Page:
|The main façade of the Dôme that looks north toward the original entry avant-cour|
|The Dôme as it was originally, flanked directly by other elements, all as drawn by engraver Jean Marot in 1660|
The Dôme, as called, is the only remaining fragment of the palace built by the cardinal duc in the 1630s and subsequently occupied by the 6 succeeding ducs de Richelieu. With the Orangerie and the wine cellars. The whole palace remained complete and intact up to the Revolution of 1789, when the aristo 5th duc escaped the guillotine to Russia and the court of Catherine the Great. The ducal estate was annexed to become national property. Having been considered and then rejected as a noble reward for one of the celebrated military marshals of Napoleon, the ducal estate and property in its entirety was flogged off for demolition by a marchand de biens called Boutron, over a period of forty years.
The estate was finally reconstructed by a Franco-American banker from New Orleans called Michel Heine who had made his mega-wad financing the Franco-Prussian war. He married his daughter Alice to the 7th duc de Richelieu to add a bit of noble lustre to his family's new-found wealth. He reassembled the parc and what was left of the buildings, finding in the Dôme a simple hall that had originally been the entry portal to the manège (or horse training court) of the original castle.
Today it is hard to see how much of the building is in its original state. It was originally flanked on its east and west façades by a straight range of buildings forming the southern wall of the avant-cour. Chimneys rose on the east and west walls that touched their contiguous neighbours. The grandiose fireplace within that exists today now lacks a chimney!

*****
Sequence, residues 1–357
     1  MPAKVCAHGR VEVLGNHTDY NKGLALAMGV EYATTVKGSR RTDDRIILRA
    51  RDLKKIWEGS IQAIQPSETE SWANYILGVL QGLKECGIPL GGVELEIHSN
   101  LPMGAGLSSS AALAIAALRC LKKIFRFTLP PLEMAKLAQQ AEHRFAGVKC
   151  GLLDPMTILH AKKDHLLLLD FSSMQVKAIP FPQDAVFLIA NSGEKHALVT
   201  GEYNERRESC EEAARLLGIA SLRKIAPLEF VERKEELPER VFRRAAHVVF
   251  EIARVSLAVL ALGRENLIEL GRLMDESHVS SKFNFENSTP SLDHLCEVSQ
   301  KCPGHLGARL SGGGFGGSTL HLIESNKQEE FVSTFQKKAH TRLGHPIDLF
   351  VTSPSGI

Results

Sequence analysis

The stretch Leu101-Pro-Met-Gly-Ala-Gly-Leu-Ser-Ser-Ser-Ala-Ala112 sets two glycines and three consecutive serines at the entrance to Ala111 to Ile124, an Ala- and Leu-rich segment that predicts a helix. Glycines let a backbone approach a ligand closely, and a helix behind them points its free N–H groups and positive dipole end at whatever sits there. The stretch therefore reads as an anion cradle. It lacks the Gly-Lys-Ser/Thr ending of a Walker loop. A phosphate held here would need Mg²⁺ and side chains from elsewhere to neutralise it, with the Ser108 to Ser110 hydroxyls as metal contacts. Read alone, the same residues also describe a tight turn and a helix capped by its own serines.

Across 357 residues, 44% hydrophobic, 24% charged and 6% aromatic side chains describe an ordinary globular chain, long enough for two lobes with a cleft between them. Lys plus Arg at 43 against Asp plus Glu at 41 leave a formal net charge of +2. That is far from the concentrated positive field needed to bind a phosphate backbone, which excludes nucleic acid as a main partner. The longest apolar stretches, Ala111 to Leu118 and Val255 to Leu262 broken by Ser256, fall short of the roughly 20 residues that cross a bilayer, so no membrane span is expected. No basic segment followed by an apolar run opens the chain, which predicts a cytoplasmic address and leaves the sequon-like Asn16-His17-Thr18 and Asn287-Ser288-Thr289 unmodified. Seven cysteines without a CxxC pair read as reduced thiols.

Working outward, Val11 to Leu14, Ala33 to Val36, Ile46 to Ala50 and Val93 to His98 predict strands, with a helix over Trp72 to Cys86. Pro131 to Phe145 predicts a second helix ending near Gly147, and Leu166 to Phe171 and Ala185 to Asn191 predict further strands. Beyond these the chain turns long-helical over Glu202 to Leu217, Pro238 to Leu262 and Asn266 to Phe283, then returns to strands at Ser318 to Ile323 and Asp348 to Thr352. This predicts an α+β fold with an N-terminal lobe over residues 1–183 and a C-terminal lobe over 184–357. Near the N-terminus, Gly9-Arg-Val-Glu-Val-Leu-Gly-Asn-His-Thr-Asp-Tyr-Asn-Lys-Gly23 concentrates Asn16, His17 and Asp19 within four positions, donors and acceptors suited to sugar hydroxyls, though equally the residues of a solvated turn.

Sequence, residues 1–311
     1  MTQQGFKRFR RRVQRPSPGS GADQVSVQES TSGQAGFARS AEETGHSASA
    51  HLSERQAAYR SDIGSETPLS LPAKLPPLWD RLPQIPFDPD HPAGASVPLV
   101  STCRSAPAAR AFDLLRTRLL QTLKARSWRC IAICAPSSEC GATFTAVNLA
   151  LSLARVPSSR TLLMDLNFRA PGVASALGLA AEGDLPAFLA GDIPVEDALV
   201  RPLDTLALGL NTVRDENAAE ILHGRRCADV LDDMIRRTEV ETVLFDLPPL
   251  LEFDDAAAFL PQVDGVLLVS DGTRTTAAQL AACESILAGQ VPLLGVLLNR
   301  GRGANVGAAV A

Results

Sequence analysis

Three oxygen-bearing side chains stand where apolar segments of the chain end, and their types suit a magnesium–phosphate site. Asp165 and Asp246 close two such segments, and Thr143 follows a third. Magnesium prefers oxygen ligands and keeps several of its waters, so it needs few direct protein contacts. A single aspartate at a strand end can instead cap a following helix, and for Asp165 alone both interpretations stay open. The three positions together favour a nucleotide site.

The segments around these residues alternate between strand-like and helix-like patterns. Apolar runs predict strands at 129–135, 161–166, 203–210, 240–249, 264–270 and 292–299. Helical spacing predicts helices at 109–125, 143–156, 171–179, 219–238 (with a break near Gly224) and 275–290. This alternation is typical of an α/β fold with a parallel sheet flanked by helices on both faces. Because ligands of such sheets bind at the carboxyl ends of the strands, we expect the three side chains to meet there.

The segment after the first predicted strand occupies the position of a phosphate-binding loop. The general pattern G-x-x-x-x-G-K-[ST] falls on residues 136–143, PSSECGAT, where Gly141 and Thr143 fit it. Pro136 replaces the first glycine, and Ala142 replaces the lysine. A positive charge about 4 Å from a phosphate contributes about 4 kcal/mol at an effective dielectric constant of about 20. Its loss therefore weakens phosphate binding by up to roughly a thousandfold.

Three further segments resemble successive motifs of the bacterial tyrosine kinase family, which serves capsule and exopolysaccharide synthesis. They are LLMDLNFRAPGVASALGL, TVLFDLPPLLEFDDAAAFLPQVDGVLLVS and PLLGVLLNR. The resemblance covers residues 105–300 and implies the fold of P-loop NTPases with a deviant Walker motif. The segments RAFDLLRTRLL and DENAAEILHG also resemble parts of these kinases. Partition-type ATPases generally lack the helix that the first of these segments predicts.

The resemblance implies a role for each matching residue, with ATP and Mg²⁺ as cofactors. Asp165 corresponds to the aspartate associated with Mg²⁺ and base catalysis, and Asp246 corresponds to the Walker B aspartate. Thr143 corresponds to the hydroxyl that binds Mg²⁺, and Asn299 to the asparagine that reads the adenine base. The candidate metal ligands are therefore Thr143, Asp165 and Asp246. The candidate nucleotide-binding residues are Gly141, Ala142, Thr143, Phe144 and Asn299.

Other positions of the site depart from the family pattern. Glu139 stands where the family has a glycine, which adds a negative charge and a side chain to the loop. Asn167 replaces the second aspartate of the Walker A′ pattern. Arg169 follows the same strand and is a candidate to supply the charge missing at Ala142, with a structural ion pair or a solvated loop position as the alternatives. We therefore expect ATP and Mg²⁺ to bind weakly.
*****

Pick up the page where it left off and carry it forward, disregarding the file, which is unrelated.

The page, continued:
We surmise that much of today's Dôme was rebuilt to make the symmetrical pavilion that we know today. It is hard to see any new/old joining in the tuffeau stonework and the conclusion is that the current state is far from its 17th century forbear. The 7th duc had hired the then-famous landscape architects, the Bühler brothers*, to recreate the park and avenues that we know today, the arboretum planted on the castle site itself, and the 19C carp pond that sits in front of the Dôme of today. Who knows now how much 'reconstruction' was needs to cover the scars left by the dastardly Maestro Boutron?
|Note the cardinal's arms at high level|
|A concert in the Dôme|
* Not really certain. They certainly did do the gardens at Azay-le-Ferron, not far away. While their expertise was mainly in the then-fashionable jardins à l'Anglaise, they were experts in the fancy tree plantings which are evident everywhere today in the parc; Wellingtonias, Cedars etc.
Curiosity killed the cat….
|The 19C steel staircase to the upper levels|
|The first floor apartment|
|looking out over the park|
|the main N facade window at first floor level|
|a decorated door at first floor|
|the cupola's timber construction|
|high level windows|
|looking out and down|
|the clock mechanism|
|the clock, cupola and cardinal's arms|